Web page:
Sometimes the online world reveals unsuspected parallel dimensions. This is an unknown restyle of Neural independently (and secretly as we never knew about it) made by NY-based Motion and Graphic Designer, Clarke Blackham. Very nicely made, perhaps only a bit glossier for the magazine’s line, it testifies once more how even your most familiar outcomes can have another life somewhere else.
The value of craft after software sounds rampant sometimes, expressing the freedom of escaping repetitive taps and clicks to accomplish some assumed tasks. Mixing media, electricity, electronics, mechanics and inert objects Graham Dunning has realised a structured track/performance/open script in his “Mechanical Techno: Ghost in the Machine Music.” More than a proof of concept a machine music declination.
Isn’t ASCII Art a perfect form of “graffiti” in 2010s? The 8-bit aesthetics is among the strongest visual references connecting the analogue recent past with the omni-digital present, so why not adopt it to finally have some public art embedded in the present? In Varberg, Sweden, 2016, the GOTO80 crew (feat: Karin Andersson) did it, choosing (not by accident) the Mo Soul Amiga-font.
The relationship between Andy Warhol and personal computers (becoming quite popular during his last years) has been only partially investigated beyond his Amiga works. In November 2015, Sotheby’s sold his “Apple (from Ads)” (acrylic and silkscreen ink on canvas) for 910.000 USD, and in catalogue’s notes Warhol tells about his meeting with Steve Jobs insisting to give him one and showing him how to draw (even if still in black and white): “we went into Sean [John Lennon’s son]’s bedroom–and there was a kid there setting up the Apple computer that Sean had gotten as a present, the Macintosh model. I said that once some man had been calling me a lot wanting to give me one, but that I’d never called him back or something, and then the kid looked up and said, ‘Yeah, that was me. I’m Steve Jobs.’ And he looked so young, like a college guy. And he told me that he would still send me one now. And then he gave me a lesson on drawing with it. It only comes in black and white now, but they’ll make it soon in color…I felt so old and out of it with this young whiz guy right there who helped invent it.”
Minority Report comes closer… Three huge screens at Birmingham New Street railway station are scanning passers-by and play advertisements accordingly. http://www.birminghammail.co.uk/news/midlands-news/new-street-station-advertising-screens-9920400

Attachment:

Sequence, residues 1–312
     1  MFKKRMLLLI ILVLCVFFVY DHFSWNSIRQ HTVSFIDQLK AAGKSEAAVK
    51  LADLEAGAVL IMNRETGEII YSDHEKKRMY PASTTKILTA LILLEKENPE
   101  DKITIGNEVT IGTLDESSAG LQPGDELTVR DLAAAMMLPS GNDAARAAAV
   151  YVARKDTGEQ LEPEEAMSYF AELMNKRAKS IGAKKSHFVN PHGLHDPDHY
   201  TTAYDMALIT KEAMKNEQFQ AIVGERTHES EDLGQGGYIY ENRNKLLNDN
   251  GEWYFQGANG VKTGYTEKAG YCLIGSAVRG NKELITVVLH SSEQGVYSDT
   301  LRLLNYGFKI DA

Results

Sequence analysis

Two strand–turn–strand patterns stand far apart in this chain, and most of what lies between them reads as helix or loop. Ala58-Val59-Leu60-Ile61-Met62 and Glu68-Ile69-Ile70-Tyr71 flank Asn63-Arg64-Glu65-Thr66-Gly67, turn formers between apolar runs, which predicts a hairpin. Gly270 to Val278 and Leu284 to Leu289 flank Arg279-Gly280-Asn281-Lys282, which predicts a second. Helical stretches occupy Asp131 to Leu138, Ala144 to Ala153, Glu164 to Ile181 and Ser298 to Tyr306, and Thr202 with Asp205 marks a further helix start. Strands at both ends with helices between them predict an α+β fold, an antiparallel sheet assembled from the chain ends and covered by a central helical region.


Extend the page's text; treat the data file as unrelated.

Carolyn L. Kane – Chromatic Algorithms: Synthetic Color, Computer Art, and Aesthetics after Code
University Of Chicago Press, ISBN-13: 978-0226002736, English, 328 pages, 2014, USA
Among the overlooked aspects of the “digitalisation of everything” is the perception of colours on screens, and how they are produced (or better, “performed”). In this thoroughgoing research project Carolyn L. Kane tracks the history and genealogy of synthetic colours and their algorithmic characteristics. Starting with classic color theories in philosophy, literature and science (Aristotle, Goethe, Newton), the work moves on to the dawn of electronically produced colours in early video art and the first experiments in electronically synthesised tones. Since then colours have been more and more embodied in machines, with universal coding in OS software and interfaces. The book looks at web 2.0 conventions as well as “retro web art” (as it’s defined) and there is an embracing of media determinism, seen through the lens of media archaeology, enriching the historical trajectories with theory that deeply affects the category of technical innovation. Moreover, the author defines “post-optic,” as the functional role colours have now, extending it to aesthetics (the Photoshop impact), to surveillance-related aspects (infrared, for example), to colours we can’t see in nature (ultraviolet) and to those we synthetically introduce in nature (synthetic fluorescent proteins used in bioart). Richly illustrated with plenty of valuable historical material, this book affects multiple disciplines but especially media art history, to which it contributes significantly.
Carolyn Kane, “Cool Pinks and Hot Blues: Bridging Genealogies of Warm–Cool Color”